Blog The Many Uses of Edible Gold
Cake with white cream, decorated with silver and gold confectionery sprinkles and gold leaf.

The Many Uses of Edible Gold

Why do people eat gold? Because they can! While edible gold is not the most common use of precious metals, the trend has stood the test of time. From cakes and candies coated in edible gold leaf to decadent Philly cheesesteaks with gold flakes, gourmet dishes embellished with gold can be found around the globe.

Is Gold Edible?

Yes, gold is edible. Although it doesn’t have any nutritional value, gold can pass through the body without causing any harm. Because gold is chemically inert, it goes through the digestive tract without being absorbed at all.

But in order for gold to be edible, it must be pure. Edible gold ranges from 22 karats (91.67% pure) to a pure 24 karats. Food-grade gold is non-toxic and biologically inactive. This is why dentists have been using gold crowns for centuries, up to this day.

On the topic of dental gold, the European Food Safety Administration examined gold dental fillings during their reevaluation of the safety of gold as a food additive in 2015. They found that gold particles appear in saliva samples of people with gold fillings, so we can likely assume that as long as gold dental fillings have been around (a pretty long time), people have been swallowing gold particles without any adverse effects.

Because our bodies don’t absorb gold when we consume it, it’s purely used for a luxurious aesthetic. There’s a good chance you’ve seen photos of extravagant cakes adorned with gold leaf or even gold-wrapped sushi.

Bite of a chocolate eclair pastry with an edible gold leaf on top

What Does Edible Gold Taste Like?

Edible gold has no taste at all – not even a metallic-y taste like one might expect. All you’ll taste when consuming edible gold is whatever else you’re eating it with.

Many chefs and bartenders use edible gold to add some sparkle to their creations. The Swiss cinnamon schnapps known as Goldschläger is one of the most well-known gold-containing spirits, with approximately 13 milligrams of gold per 1-liter bottle. (If you’ve ever thought about straining the gold flakes out of the schnapps to keep or resell, you’re not alone. But for such a trivial amount of gold, it’s not really worth the effort!)

You may also see edible gold flakes floating in a cocktail or resting atop a layer of egg white foam in a lavish libation. And when it comes to food, edible gold runs the gambit from sweet to savory. Think cakes, pastries, fine chocolates, fruit platters, sushi, steaks and more.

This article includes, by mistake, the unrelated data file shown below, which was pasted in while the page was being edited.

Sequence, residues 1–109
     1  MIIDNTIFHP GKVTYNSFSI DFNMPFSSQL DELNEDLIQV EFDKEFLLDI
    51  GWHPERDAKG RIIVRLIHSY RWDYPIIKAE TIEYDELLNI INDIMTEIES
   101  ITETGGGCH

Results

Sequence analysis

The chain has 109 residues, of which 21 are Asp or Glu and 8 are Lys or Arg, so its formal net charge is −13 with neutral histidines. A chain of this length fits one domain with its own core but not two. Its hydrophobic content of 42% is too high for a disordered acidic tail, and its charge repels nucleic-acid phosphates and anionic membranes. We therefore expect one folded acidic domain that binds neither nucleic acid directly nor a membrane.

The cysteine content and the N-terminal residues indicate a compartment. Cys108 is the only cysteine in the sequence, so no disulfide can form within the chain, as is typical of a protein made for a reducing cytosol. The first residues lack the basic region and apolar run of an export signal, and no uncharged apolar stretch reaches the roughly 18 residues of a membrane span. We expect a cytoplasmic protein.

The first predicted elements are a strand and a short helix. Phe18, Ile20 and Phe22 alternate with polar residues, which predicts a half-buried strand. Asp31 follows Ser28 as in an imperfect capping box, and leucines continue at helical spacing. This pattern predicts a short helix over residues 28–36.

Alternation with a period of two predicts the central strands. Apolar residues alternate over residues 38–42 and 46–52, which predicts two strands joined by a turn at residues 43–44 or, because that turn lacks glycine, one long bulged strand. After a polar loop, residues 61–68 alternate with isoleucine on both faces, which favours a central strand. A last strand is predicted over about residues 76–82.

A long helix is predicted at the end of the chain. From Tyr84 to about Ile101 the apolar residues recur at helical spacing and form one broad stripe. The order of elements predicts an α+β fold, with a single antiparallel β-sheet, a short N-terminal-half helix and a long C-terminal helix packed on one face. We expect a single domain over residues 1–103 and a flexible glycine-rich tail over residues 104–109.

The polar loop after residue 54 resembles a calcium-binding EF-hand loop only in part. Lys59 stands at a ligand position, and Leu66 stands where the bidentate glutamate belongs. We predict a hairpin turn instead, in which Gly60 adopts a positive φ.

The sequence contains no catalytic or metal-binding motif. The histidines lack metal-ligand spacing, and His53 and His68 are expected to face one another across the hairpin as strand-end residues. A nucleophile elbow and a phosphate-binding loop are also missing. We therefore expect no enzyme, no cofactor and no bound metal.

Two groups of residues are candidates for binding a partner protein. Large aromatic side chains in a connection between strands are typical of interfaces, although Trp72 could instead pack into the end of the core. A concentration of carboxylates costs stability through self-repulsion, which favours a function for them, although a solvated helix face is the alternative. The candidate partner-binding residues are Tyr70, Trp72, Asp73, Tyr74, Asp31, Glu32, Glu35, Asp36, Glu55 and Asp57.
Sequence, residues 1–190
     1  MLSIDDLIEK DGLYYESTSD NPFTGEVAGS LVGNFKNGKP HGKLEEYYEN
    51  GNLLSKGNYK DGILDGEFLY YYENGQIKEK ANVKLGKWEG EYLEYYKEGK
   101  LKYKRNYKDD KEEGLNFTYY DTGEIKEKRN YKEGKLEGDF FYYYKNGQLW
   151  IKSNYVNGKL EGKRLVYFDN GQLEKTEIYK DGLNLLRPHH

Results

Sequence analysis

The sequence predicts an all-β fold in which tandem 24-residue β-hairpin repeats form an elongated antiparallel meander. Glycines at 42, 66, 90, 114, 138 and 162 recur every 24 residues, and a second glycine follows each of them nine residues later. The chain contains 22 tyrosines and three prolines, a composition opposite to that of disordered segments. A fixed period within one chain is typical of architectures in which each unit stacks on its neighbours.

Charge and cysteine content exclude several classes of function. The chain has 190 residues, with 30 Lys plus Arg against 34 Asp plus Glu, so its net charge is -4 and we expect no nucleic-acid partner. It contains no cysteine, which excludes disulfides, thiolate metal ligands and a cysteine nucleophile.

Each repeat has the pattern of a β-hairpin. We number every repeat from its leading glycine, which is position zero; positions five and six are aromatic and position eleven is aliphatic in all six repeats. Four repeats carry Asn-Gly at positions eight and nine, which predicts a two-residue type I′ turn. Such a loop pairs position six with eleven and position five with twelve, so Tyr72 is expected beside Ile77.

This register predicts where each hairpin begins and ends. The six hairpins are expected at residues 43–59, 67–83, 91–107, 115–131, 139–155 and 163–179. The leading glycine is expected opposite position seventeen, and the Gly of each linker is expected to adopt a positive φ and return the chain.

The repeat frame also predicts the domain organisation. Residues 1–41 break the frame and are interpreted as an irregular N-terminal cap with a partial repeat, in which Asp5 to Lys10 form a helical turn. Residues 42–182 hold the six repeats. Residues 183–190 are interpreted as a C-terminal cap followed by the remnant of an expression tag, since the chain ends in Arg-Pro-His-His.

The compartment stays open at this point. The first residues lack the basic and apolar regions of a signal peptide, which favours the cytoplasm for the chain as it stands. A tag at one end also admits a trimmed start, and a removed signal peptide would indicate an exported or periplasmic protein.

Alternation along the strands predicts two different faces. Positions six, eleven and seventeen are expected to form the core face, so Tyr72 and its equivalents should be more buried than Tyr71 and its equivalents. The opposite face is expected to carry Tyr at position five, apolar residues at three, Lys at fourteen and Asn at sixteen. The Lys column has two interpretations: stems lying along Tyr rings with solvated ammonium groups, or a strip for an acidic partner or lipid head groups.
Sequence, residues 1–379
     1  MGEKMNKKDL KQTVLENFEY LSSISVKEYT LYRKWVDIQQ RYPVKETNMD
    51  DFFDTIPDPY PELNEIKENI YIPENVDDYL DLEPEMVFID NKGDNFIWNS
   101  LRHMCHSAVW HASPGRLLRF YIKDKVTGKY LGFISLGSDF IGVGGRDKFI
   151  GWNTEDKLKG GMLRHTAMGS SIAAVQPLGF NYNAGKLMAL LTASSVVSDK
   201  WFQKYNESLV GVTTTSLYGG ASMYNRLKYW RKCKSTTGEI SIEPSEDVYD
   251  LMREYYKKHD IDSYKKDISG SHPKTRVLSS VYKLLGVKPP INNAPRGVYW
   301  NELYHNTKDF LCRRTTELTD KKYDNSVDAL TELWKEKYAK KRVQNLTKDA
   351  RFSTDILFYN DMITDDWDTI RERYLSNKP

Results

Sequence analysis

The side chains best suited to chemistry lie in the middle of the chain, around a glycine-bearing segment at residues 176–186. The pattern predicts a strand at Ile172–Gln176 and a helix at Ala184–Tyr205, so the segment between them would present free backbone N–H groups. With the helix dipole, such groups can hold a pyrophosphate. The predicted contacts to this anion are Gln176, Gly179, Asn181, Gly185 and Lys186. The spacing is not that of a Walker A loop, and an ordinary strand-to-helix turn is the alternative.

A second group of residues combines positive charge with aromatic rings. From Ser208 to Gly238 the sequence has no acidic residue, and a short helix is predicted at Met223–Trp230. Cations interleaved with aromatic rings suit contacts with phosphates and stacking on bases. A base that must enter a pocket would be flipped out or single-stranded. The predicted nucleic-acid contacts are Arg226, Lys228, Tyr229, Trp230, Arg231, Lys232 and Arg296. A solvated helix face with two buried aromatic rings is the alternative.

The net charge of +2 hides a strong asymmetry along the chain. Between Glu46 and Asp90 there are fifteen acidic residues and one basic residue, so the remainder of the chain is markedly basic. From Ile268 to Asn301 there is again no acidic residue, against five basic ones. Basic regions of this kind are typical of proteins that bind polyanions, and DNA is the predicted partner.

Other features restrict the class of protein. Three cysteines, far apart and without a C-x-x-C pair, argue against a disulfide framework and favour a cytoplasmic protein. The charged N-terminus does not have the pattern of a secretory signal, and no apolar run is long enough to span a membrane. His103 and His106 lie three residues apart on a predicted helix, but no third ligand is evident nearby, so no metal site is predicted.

A Philly cheesesteak topped with edible gold leaf
The 24stK: Wells Fargo/Instagram

In an imaginary world with an unlimited dining budget, one could head to NYC for a $1,000 ice cream sundae topped with a sugar flower coated in edible gold leaf, or better yet go for the most expensive dessert ever – Serendipity 3’s Frrrozen Haute Chocolate. It only costs $25k!

But you don’t necessarily have to break the bank if you want to indulge in a gold-containing dish. Here in Philadelphia where Garfield is headquartered, you can grab a 24stK for $28 at the Wells Fargo Center at the next Sixers or Flyers game. The 24stK is a short-rib cheesesteak with smoked beef rib, truffle cheese sauce, caramelized onions, A1 demi sauce and flakes of 24k gold on a Liscio’s roll. Sounds like a must-try!

How to Use Edible Gold Dust

Edible gold dust is popular for decorating cakes and other pastries, garnishing cocktails, coating chocolate truffles, and ornamenting savory dishes like foie gras or steaks. Edible gold dust can be sprinkled or painted directly on top of food items, or mixed into doughs and batters to give baked goods a subtle shimmer.

Application methods of edible gold dust and edible gold glitter will vary depending on the visual effect you’re looking for. Dry application techniques include using a brush or simply sprinkling by hand.

Wet applications often involve mixing edible gold dust with a small amount of clear alcohol like vodka or Everclear, or an extract (like vanilla, lemon or coconut) to create an edible gold paint. The painting method works well for more precise designs, or covering large areas with a solid metallic coat.

Natural edible food gold and silver sheets, flakes and powder on white wooden table

Using Edible Gold Leaf, Flakes & More